Why go wireless?

Evolving mobile standards and applications are delivering real business benefits to users as barriers to adoption continue to...

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Eight out of 10 global users say that mobile computing will have an impact on their businesses in the next five years, with half expecting that impact to be significant, according to a survey of 309 global senior executives by the Economist Intelligence Unit.

 

 

 

The standards and technologies may still be emerging, but early adopters report that mobile computing is already significantly improving productivity and virtual team collaboration, thanks to its support for flexible and remote working.

There is also evidence that mobile computing is reducing infrastructure and operational costs. Meanwhile, the likes of FedEx, Lufthansa and Sears, Roebuck are investing in wireless products to offer value-added services to customers. This is the experience of the few pioneers in enterprise-wide wireless deployment, according to the EIU research.

But most companies remain to be convinced about betting their businesses on Wi-Fi and have stuck with trial systems for a few employees. Only 18% of just over 300 global firms surveyed by the EIU have gone the whole hog. The others are wary of issues such as the security and cost and question the maturity of the underlying technologies.

New security threats to networks are constantly emerging, raising the spectre of systems that are inherently unstable or vulnerable to attack. Cost has traditionally been a barrier to the deployment of mobile computing. However, prices for wireless Lan equipment are falling steadily - by about 25% in 2003 - making a mobile applications strategy increasingly attractive.

Most companies are upbeat about future investment in mobile technologies, particularly wireless Lans. Research by InfoTech reveals that users will be spending $1.3bn (£72.9m) by 2008 on wireless Lans, compared with only $550m two years ago. This is because they are drawn by its ability to make mobile workers more efficient and productive. But while these benefits are significant, they tend to obscure the real potential of wireless technology to enable new applications and processes that can dramatically transform companies.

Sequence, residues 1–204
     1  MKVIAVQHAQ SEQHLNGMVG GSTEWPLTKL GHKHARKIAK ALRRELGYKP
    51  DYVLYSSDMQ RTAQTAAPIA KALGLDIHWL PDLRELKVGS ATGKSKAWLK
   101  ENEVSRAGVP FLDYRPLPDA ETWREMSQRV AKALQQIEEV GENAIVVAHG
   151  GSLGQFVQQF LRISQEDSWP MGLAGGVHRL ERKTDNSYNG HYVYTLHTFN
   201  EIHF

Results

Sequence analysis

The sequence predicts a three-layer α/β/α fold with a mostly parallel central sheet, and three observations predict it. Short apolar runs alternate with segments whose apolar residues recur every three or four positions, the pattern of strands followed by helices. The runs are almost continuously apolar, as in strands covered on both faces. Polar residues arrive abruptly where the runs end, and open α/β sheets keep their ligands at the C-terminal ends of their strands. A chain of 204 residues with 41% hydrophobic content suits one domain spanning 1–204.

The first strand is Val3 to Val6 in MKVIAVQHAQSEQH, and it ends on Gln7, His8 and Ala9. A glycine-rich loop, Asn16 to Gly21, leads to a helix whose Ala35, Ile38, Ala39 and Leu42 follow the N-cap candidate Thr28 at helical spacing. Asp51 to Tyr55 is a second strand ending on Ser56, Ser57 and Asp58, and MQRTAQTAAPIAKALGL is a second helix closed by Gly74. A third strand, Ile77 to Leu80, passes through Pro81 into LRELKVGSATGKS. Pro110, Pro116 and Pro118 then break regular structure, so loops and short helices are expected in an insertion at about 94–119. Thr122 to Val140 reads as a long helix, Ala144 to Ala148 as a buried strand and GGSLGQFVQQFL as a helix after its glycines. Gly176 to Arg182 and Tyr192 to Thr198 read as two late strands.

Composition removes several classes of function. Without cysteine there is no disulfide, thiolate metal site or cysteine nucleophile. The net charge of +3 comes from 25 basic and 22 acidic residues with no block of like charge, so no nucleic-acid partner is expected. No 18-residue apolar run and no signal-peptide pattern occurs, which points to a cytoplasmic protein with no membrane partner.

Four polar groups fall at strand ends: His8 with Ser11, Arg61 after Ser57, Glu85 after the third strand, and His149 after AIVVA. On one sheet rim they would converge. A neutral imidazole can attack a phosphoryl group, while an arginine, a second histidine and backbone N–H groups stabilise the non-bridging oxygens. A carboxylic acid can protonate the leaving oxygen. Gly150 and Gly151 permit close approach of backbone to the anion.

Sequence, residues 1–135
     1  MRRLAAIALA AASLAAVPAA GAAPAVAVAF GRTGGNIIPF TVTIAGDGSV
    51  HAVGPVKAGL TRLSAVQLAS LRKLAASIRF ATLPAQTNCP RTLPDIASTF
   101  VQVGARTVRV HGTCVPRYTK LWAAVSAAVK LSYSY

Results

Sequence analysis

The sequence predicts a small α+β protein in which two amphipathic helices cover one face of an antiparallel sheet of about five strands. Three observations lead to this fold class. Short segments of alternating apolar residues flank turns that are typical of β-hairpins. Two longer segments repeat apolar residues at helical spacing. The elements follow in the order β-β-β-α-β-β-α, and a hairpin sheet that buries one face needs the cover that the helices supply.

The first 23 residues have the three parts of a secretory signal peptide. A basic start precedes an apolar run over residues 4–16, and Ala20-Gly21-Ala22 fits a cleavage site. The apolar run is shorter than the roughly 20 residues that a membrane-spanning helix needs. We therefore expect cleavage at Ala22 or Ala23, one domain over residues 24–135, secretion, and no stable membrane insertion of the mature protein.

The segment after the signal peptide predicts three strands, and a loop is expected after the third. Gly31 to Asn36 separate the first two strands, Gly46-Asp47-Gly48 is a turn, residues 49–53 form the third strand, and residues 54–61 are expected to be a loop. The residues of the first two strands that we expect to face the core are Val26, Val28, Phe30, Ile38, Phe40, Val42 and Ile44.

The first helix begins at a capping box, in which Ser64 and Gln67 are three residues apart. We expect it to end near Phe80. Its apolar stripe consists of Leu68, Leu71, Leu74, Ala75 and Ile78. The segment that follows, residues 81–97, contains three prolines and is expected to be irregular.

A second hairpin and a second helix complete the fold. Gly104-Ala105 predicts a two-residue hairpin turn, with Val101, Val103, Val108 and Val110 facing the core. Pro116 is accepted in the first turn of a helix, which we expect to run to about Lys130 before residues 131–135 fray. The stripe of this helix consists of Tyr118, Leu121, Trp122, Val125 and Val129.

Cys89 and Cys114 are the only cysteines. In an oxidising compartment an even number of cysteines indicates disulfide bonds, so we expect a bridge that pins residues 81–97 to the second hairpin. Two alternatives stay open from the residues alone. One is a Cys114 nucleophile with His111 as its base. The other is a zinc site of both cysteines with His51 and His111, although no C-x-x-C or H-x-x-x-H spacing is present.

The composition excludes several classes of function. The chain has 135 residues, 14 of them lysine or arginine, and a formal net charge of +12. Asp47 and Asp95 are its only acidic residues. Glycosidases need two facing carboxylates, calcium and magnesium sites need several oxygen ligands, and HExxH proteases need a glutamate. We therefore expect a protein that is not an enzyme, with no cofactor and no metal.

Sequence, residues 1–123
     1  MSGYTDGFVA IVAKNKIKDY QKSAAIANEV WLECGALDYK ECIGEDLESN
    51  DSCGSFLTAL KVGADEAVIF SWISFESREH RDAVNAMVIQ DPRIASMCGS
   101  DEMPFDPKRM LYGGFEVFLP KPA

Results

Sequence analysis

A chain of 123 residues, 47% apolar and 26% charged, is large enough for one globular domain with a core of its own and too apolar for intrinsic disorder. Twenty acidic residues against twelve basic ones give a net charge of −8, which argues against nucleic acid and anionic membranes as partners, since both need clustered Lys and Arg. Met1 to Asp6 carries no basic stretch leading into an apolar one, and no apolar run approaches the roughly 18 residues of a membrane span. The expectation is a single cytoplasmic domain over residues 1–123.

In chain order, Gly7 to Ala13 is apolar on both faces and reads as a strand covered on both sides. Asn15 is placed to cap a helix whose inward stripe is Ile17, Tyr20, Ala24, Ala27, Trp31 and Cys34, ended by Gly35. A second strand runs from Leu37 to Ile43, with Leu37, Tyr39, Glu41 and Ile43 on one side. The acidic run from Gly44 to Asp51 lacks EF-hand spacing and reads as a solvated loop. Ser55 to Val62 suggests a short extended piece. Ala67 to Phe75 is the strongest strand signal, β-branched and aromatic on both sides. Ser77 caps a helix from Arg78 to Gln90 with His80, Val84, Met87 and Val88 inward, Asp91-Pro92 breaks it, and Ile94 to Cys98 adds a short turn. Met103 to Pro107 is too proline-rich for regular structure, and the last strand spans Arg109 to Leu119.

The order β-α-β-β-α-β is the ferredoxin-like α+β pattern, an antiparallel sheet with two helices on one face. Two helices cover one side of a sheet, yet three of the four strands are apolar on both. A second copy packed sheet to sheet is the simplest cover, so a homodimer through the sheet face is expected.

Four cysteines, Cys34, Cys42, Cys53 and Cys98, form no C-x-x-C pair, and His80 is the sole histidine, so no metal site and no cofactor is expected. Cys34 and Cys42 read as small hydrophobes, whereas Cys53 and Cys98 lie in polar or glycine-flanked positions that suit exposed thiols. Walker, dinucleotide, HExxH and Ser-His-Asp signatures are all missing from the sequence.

Today's common wireless data applications include e-mail, and access to the web, spreadsheets and word processing documents. Research among Blackberry users undertaken by Research in Motion and Ipsos Reid found that the average user regains about 53 minutes a day by being able to manage their e-mail while on the move. However, even greater business benefits are likely to come from future wireless data applications, according to a recent study by research firm In-Stat/MDR.

Avaya, Motorola and Proxim are working together to converge mobile (GSM/3G) phones with a Wi-Fi, IP softphone PDA. This will provide users with access to their business extensions and applications such as their calendars and instant messaging. "Within three to four years, virtually all application environments will incorporate mobility as an embedded function," says David Yockelson, an analyst with research firm, Meta Group.

There is also a growing demand for managed services, such as fixed-line remote access services and network management, but only a moderate interest in wireless voice over IP applications.